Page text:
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Physical Changes and Chemical Changes
Changes in matter can be physical changes or chemical changes. Physical changes are reversible, and chemical changes are irreversible (cannot be reversed).
A physical change is a change in the size, shape, or state of matter with no new matter being formed. Changes in states of matter are always physical changes because they can be reversed. For example, you can melt an ice cube (a solid), then freeze the water (a liquid) to turn it back into ice. Or, you can boil water to make it evaporate into water vapour (a gas), then cool the water vapour to make it condense into liquid water. In both examples, the substance—water—has not changed into something else. The water changes from one state to another, but it is still always water.
Changes in states of matter are not the only types of physical change. If you cut an apple into two pieces, you have changed the shape of the apple but both pieces are still apple. You can reverse the change by putting the two pieces back together.
In a chemical change, a new substance—or more than one new substance—is formed. The change is not reversible. For example, if you burn a piece of wood, two new substances are formed: smoke and ash. The smoke and ash cannot be turned back into wood. If you cook an egg, you cannot change the cooked egg back into a raw egg.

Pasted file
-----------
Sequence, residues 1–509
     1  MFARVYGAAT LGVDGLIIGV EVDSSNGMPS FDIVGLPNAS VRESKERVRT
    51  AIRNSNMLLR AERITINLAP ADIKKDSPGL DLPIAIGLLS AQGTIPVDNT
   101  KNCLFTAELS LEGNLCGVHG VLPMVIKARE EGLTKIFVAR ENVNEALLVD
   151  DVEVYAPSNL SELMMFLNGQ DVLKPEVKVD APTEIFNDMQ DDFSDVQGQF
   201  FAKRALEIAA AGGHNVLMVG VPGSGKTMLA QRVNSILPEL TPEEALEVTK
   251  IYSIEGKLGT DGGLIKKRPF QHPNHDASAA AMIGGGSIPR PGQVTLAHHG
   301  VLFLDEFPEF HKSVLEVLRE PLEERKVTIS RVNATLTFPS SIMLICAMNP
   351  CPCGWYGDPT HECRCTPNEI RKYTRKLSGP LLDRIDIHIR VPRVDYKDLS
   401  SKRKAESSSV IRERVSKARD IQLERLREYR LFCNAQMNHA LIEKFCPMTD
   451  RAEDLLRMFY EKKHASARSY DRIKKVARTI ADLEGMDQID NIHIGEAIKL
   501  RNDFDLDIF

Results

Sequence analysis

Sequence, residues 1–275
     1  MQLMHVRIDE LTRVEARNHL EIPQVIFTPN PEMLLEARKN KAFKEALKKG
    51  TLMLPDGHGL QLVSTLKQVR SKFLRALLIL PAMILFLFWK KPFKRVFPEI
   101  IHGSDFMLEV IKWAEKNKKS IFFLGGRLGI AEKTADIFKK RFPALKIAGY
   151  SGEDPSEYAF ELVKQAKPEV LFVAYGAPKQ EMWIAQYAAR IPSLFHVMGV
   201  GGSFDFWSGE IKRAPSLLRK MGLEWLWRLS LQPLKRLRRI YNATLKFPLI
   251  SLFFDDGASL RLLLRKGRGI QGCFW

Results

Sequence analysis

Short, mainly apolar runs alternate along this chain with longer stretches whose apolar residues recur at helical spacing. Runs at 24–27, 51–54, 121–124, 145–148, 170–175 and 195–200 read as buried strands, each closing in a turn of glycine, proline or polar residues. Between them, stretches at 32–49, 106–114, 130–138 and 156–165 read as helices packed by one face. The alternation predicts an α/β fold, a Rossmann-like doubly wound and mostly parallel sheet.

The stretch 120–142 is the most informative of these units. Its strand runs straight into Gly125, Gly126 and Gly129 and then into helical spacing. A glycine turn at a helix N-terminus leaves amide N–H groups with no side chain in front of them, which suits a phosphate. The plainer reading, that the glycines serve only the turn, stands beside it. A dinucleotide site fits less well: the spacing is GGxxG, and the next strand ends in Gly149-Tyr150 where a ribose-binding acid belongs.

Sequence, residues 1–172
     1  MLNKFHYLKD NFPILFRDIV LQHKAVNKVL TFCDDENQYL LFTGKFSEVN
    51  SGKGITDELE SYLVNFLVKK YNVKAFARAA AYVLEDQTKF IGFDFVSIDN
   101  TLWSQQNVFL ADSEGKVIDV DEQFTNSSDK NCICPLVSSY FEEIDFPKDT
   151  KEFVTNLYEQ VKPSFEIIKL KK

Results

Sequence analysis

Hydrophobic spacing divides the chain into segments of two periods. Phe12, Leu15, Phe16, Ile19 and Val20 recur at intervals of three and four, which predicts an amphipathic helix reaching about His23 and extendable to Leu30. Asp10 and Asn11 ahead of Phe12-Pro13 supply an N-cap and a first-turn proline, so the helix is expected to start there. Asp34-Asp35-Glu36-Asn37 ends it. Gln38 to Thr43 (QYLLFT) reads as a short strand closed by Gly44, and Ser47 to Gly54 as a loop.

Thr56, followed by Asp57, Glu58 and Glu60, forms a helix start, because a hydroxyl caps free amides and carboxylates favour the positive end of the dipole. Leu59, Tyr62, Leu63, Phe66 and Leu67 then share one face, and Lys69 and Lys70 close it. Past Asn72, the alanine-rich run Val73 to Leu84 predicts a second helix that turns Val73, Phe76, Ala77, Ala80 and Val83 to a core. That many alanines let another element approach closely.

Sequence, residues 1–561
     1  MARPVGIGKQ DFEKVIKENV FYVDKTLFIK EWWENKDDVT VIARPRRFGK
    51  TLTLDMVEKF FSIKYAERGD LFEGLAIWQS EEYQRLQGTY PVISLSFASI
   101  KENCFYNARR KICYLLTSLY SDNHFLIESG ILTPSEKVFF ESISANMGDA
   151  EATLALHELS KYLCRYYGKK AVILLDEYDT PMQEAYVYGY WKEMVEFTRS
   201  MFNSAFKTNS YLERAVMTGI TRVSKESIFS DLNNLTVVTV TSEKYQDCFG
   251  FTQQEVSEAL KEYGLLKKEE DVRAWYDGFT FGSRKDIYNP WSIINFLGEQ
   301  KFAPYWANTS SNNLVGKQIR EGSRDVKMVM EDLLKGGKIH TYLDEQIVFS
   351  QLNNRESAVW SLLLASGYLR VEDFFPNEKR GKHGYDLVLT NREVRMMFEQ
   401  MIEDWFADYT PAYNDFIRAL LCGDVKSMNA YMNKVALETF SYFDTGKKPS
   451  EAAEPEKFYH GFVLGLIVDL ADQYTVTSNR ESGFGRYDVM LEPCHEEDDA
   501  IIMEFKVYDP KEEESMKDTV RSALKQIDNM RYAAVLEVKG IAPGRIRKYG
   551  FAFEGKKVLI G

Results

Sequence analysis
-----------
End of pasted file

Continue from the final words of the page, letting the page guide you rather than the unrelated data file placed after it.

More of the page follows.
Signs of a Chemical Change
The following are signs that a chemical change is happening:
• Change in colour: When leaves change colour in autumn, they are going through a chemical change.
• Change in odour: You can tell that an egg is rotten because of the awful odour. A rotting egg is undergoing a chemical change.
• A precipitate forms: A precipitate is a solid that forms when certain liquids are mixed together. If you see a precipitate form, you know that a chemical change has happened.
• A gas is produced: When you mix certain substances together, the mixture will begin to bubble. The bubbles are made of a gas that is produced through a chemical change.
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1. Is baking cookie dough a physical, or chemical change?CorrectIncorrect
2. Is crumpling tin foil a physical, or chemical change?CorrectIncorrect
3. Is cracking open an egg a physical, or chemical change?CorrectIncorrect
4. Is bread becoming mouldy a physical, or chemical change?CorrectIncorrect
5. Is cooking rice a physical, or chemical change?CorrectIncorrect